–          Improved orientation of the General Practice sector to the needs of Aboriginal and Torres Strait Islander People.

–          Significant steps towards the early establishment of a new workforce that is focused on health promotion and in development of local health promotion initiatives

–          Increased attention to enhancing access to specialist, allied health and team-based approaches to chronic illness care.

–          Professor Baillie emphasised that the evaluation report had been informed by frontline evidence from a variety of healthcare providers and community members. The report provides some direction for how service organisations and policy makers can build on the existing strengths of the ICDP priority areas.

–         “It is clear that the evaluation has influenced program refinement and policy discussions within government, particularly with regard to how the wide variation between regions in service capability can be addressed. This is vital to enhancing efforts to improve prevention and management of chronic illness to those Aboriginal and Torres Strait Islander people who are most in need.”

Interviews :

Interviews are available with Professor Ross Baillie. Professor Baillie is the Scientific Director of the Centre for Primary Health Care Systems and leads the NHRMC funded ABCD National Research Partnership on quality improvement in Indigenous primary health care. He is also involved in research on food supply and environmental health and housing in Aboriginal and Torres Strait Islander communities.

Richmond Hodgson, Senior Communications and Events Officer, 0408 128 099 / communications@menzies.edu.au

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NACCHO health news: New research on cancer among Indigenous children

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FACTS

  • Overall, Indigenous children were 36% less likely to be diagnosed with cancer than non-Indigenous children

  • There was not much difference between the mortality rates of Indigenous and non-Indigenous children

The first ever study of the national patterns of incidence and death rates for cancers diagnosed amongst Indigenous children has been undertaken to help understand and reduce the risk and impact of cancer in Indigenous youth.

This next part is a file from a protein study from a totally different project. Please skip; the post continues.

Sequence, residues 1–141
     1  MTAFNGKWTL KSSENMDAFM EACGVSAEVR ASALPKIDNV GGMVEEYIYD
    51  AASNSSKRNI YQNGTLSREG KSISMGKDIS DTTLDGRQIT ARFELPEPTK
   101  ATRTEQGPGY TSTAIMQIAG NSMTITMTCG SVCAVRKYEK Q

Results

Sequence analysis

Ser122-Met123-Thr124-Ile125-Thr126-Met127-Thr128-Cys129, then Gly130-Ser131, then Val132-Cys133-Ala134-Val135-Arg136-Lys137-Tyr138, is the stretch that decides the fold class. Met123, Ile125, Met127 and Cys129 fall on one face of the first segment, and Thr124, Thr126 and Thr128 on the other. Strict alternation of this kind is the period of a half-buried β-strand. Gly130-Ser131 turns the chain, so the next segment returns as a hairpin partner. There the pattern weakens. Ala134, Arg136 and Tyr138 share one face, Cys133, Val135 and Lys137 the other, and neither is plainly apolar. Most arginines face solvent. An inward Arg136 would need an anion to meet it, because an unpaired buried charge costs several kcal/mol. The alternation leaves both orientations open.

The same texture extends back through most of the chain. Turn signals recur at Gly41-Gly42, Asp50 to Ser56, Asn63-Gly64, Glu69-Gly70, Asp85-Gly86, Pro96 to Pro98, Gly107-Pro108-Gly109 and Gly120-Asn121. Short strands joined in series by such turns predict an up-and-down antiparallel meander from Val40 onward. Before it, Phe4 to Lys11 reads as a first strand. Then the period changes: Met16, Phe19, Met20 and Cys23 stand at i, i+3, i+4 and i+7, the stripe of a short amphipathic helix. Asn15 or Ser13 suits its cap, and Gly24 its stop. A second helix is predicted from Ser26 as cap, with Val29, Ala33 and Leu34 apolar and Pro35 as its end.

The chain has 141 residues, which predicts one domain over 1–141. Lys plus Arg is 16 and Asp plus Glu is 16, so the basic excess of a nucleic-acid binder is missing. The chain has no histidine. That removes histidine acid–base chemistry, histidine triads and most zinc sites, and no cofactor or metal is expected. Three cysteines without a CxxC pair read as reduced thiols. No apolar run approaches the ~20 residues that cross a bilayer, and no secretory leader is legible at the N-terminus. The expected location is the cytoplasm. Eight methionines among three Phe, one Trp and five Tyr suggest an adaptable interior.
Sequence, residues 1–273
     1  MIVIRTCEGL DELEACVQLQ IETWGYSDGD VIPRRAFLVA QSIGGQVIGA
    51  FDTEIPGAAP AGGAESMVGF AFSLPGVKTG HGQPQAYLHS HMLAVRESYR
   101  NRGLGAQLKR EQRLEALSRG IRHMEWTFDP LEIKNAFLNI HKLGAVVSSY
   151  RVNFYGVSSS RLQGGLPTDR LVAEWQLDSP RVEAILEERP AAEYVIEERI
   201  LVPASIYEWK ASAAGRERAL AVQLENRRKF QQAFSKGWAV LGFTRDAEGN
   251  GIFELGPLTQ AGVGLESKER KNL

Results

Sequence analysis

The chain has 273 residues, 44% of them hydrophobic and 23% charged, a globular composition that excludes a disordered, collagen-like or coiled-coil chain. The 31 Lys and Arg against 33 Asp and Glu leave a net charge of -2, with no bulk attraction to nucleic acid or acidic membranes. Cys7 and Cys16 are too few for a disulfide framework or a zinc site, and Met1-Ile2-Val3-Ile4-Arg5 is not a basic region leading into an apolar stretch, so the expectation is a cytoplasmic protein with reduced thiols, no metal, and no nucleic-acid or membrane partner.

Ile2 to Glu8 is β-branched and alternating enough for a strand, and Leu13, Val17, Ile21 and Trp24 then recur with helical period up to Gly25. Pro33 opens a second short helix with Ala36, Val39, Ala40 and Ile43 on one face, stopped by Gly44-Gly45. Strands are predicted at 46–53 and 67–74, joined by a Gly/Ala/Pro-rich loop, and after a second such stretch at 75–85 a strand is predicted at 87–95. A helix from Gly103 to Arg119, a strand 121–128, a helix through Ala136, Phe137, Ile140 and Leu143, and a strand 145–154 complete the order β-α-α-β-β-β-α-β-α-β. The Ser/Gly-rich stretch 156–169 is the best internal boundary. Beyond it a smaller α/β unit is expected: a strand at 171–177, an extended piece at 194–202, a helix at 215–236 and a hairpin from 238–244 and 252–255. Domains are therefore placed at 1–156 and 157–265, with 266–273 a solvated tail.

The study was led by the Menzies School for Health Research’s Associate Professor, Patricia Valery in collaboration with the Australian Paediatric Cancer Registry.

The study entitled, Cancer Incidence and Mortality in Indigenous Australian Children, 1997–2008, investigated the overall burden of cancer in this population, and where disparities exist, to plan what action is required.

It found:

  • Overall, Indigenous children were 36% less likely to be diagnosed with cancer than non-Indigenous children
  • There was not much difference between the mortality rates of Indigenous and non-Indigenous children

Click here for a lay terms cancer brochure developed to disseminate the study’s findings.

The Brief Report has been published in the latest edition of the Pediatric Blood Cancer Journal.

For interviews:

Associate Professor Patricia Valery is available for comment. She is a senior cancer researcher and Head of Menzies’ Cancer Epidemiology Group.

View her profile

To book an interview contact Richmond Hodgson, 08 8922 8438 or 0408 128 099

Abstract

We report cancer incidence and mortality among Indigenous children in Australia and compare the results with corresponding data for non-Indigenous children.

This information is important in understanding the overall burden of cancer in this population, and where disparities exist, to plan what action is required. Age-standardized rates, and indirectly standardized incidence and mortality ratios (SIRs and SMRs) were calculated for the years 1997–2008.

There were 224 cancers identified among Indigenous children (99.5 per million per year) and 52 Indigenous children died from cancer during the study period (22.9 per million per year). The SIR for all cancers was 0.64 (95% CI = 0.56–0.73; P  < 0.001) while the SMR was 0.81 (95% CI = 0.61–1.07). These results provide a baseline with which to monitor cancer among Indigenous children over time. Pediatr Blood Cancer 2013; 60: 156–158. © 2012 Wiley Periodicals, Inc.